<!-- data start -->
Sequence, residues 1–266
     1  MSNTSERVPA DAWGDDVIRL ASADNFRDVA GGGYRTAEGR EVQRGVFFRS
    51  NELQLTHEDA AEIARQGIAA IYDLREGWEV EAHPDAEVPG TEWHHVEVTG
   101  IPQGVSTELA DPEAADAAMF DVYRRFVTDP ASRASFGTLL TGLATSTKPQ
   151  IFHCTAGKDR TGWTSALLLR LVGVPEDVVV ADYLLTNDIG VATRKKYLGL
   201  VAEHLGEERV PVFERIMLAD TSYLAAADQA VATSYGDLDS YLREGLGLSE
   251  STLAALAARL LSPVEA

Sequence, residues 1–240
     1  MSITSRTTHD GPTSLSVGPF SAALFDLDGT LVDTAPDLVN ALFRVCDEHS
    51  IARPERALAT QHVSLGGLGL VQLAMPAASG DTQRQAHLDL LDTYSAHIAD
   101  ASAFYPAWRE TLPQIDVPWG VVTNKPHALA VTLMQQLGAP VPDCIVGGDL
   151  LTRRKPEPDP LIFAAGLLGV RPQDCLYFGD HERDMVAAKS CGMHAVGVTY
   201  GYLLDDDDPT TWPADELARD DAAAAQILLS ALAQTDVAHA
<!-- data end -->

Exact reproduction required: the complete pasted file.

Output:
Sequence, residues 1–266
     1  MSNTSERVPA DAWGDDVIRL ASADNFRDVA GGGYRTAEGR EVQRGVFFRS
    51  NELQLTHEDA AEIARQGIAA IYDLREGWEV EAHPDAEVPG TEWHHVEVTG
   101  IPQGVSTELA DPEAADAAMF DVYRRFVTDP ASRASFGTLL TGLATSTKPQ
   151  IFHCTAGKDR TGWTSALLLR LVGVPEDVVV ADYLLTNDIG VATRKKYLGL
   201  VAEHLGEERV PVFERIMLAD TSYLAAADQA VATSYGDLDS YLREGLGLSE
   251  STLAALAARL LSPVEA

Sequence, residues 1–240
     1  MSITSRTTHD GPTSLSVGPF SAALFDLDGT LVDTAPDLVN ALFRVCDEHS
    51  IARPERALAT QHVSLGGLGL VQLAMPAASG DTQRQAHLDL LDTYSAHIAD
   101  ASAFYPAWRE TLPQIDVPWG VVTNKPHALA VTLMQQLGAP VPDCIVGGDL
   151  LTRRKPEPDP LIFAAGLLGV RPQDCLYFGD HERDMVAAKS CGMHAVGVTY
   201  GYLLDDDDPT TWPADELARD DAAAAQILLS ALAQTDVAHA